Nora’s been occasionally helping the local museum community identify the spinning wheels they own: their likely origins, the kinds of fibers they would have been meant to spin, and the things to look for when identifying a new acquisition. And as is true in all museum work, there’s some degree of debate about what constitutes “appropriate” preservation. How much of something can you change before it’s no longer the same thing?
Sure, you can clean a piece of art… unless the acquisition of detritus was one of the artist’s original intentions. You maybe can change a painting’s frame, but you can’t just grab one from Michael’s. If the varnish is cracked on a piece of furniture, you can probably try to clean it, but you can’t sand it down and throw some polyurethane on it, even though it’s a more durable material and the table would be better protected.
A lot of historic preservation in architecture is what I think of as taxidermy: we save the skin, fill it with a modern building, and stick a pair of glass eyeballs in it. What part of a building deserves to be preserved? Just the facade? Or the plumbing? Or the original interior walls? Should we put an elevator into a building that never had one? Should we keep storing hay for the police-wagon horses on the second floor? It’s easy to chase questions of preservation down to silly extremes, but the underlying question is always the same impossible, ontological dilemma: What, exactly, is the nature of the thing? What parts of the thing must remain part of the thing if it’s going to continue to be the thing? At what moment in the thing’s development must it be locked into place and not further changed?
Sometimes that question doesn’t matter at all. There are some car restorers who want to verify the exact original part of every element of their restoration, building a sort of archaeological record of what came off the assembly line. On the other end, I’ve long been a fan of car customization, in which whatever Detroit provided is merely inspiration for what could be.
This car was completely reimagined by the brothers Yoshi and Kyohei Sakuragi and bodyworker Gene Winfield, to capture a love of curvature and solidity, and to hearken back to the late 50’s and early 60’s origins of “kustom kulture.” You could put it into one kind of museum as an exemplar of creativity and craft, but you couldn’t put it into another kind of museum as an historical record of auto production. So what do you want the thing to be?
One of the few books I’ve kept from my former academic interests is Preserving Cultural Landscapes in America, a book of essays that were edited together by Arnold Alanen and Robert Melnick. One essay by Richard Francaviglia offers a classification system for understanding what he calls “heritage landscapes,” but which we can use to think about any kind of historic object.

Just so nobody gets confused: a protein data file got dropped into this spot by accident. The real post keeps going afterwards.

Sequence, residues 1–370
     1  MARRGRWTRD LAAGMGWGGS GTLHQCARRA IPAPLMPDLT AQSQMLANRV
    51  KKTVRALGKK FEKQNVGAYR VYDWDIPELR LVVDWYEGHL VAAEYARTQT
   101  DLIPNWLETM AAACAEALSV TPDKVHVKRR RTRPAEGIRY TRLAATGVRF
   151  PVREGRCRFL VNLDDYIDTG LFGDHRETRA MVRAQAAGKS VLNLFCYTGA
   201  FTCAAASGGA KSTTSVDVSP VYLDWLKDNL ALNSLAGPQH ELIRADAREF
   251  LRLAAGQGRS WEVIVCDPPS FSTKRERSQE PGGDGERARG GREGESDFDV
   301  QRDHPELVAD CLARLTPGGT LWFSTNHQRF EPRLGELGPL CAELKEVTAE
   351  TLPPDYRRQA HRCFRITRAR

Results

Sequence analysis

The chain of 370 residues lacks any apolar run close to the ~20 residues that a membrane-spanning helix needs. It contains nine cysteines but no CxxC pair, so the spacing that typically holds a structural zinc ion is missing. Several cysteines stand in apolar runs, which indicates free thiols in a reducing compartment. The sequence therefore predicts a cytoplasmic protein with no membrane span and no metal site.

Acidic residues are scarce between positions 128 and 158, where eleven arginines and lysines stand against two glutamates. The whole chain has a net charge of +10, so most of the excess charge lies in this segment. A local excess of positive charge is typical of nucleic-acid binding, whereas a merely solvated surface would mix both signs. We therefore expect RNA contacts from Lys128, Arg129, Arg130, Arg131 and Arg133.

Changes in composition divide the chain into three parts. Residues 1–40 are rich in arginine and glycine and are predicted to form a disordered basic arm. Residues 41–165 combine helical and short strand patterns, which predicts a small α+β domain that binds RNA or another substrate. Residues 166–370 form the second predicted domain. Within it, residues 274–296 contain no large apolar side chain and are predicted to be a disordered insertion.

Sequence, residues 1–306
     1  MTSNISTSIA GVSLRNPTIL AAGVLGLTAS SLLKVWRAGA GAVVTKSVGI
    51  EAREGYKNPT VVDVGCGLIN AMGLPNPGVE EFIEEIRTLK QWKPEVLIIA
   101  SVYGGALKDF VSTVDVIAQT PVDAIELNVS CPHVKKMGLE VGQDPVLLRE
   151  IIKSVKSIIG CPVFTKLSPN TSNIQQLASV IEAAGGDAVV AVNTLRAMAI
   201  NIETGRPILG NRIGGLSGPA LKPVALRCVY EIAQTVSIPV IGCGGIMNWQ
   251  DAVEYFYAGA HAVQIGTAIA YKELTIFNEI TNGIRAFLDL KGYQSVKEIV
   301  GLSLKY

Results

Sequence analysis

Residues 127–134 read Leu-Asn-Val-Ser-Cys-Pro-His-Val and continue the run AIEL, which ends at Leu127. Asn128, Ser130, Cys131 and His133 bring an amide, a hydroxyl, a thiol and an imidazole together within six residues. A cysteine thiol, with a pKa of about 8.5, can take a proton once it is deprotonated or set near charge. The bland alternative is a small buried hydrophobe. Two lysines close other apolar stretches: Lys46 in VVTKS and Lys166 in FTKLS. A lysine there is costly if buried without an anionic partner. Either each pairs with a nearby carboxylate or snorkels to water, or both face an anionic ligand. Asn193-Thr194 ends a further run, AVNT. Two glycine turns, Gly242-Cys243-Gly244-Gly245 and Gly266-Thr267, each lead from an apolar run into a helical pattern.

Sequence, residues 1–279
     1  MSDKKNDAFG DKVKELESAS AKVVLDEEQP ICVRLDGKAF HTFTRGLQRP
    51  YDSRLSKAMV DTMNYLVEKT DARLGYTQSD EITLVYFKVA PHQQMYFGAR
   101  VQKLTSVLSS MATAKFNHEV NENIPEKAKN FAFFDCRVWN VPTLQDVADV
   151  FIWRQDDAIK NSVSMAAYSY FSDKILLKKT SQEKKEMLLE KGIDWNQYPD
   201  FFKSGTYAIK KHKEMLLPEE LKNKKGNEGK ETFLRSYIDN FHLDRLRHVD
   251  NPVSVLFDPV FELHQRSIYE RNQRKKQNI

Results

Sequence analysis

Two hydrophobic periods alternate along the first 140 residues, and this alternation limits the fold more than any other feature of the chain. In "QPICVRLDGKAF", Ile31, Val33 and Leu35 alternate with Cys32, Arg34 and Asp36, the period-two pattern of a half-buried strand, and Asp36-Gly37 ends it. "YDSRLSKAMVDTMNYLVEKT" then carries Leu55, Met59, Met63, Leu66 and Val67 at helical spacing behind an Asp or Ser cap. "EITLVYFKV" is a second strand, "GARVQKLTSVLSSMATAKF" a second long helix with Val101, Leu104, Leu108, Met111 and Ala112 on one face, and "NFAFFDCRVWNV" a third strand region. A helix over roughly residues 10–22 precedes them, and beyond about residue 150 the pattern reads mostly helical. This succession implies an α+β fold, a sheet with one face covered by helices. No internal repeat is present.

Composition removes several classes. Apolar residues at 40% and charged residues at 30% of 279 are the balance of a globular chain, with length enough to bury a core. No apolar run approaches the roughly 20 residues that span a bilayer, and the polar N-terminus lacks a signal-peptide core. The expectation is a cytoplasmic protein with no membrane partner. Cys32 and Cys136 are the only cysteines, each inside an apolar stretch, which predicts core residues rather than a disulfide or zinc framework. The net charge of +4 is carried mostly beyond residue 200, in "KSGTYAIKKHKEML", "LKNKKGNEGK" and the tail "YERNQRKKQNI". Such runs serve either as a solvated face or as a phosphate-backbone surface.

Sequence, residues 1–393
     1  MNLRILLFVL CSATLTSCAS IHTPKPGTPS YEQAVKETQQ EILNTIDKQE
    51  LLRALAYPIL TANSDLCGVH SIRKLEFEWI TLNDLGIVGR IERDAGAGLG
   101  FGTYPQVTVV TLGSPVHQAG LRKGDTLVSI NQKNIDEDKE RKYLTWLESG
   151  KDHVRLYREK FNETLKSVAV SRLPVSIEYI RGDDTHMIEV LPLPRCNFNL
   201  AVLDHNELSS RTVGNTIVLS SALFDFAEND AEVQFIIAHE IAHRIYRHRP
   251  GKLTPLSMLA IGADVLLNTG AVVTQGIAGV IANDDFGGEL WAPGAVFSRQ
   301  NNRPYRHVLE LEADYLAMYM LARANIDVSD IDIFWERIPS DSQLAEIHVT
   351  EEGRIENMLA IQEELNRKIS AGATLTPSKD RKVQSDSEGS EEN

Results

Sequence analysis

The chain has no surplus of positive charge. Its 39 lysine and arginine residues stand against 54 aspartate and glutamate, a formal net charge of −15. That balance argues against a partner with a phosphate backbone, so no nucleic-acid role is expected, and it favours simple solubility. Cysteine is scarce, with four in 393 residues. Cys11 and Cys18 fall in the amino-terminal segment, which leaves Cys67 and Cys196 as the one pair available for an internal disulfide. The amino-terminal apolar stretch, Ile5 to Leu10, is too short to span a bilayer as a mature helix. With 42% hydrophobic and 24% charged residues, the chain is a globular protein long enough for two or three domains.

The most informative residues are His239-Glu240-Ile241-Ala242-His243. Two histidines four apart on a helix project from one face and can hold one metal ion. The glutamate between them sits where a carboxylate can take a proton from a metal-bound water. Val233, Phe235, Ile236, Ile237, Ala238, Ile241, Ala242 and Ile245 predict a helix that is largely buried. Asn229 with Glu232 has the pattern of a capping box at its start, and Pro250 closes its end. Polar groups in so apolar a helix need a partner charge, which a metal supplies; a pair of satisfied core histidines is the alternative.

- There are the passively preserved, “preserved unintentionally through continued traditions of use, ownership, and design.”
- There are the actively preserved, “consciously preserved to retain their historic heritage or charm.”
- There are the restored, “in which significant historic features have been reconstructed or replaced (or later intrusions removed) to enable them to regain their original character.”
- There are the assembled, “in which historic designs and historical features are constructed to achieve a look of antiquity.”
- There are the imagineered, “designed to appear historic but reconstructed to convey essence rather than re-create particular locale.”
- There are the imagically preserved, “images, models, or dioramas that recreate vanished landscapes for viewing rather than entry.”
Most of Nora’s wheels are either passively preserved, rescued intact from someone’s mom’s house, or restored, with broken parts rebuilt from materials similar to the originals (like using cow or deer bone to make the bearings rather than nylon). There’s no pressure to modernize, to install stainless steel parts for increased production, so it’s easy to keep them more or less original. But sometimes, in order to get the machine to run at all, you make do: building a spindle harness from a leather belt instead of braided corn husks, for instance. It’s a little thing, but in some circumstances, little things matter.
In re-enactor culture, the question of material authenticity is a constant. Coming to a Civil War re-enactment with your contemporary Browning rifle wouldn’t do: the Browning company didn’t even exist until the 1880s, much less that particular instrument. Participants would be discouraged from bringing a polystyrene cooler filled with machine-made ice and canned beer. But lots and lots of re-enactors go beyond that. They make their own woolen underwear, forego their contact lenses in favor of glasses appropriate to the 1860s. But even that is about visual authenticity. Do they leave their Lipitor at home? Do they no longer get to participate once they’ve had a knee replacement or a composite-resin tooth filling? How about if they’ve studied contemporary sociology, and simply know things that wouldn’t have been known at Appomattox? Where do we quit?
It’s all about intentions. Do we intend to recreate an 1810 object in its precise detail? Or do we want to use it every day, and thus accept some improvements? And what level of imprecision becomes immediately noticeable and regrettable, like the photo at the top of today’s post? I mean, SOMEBODY approved that. A whole bunch of them, actually, the developer and the design firm and the local building council. So what were their intentions, and who are we to judge them?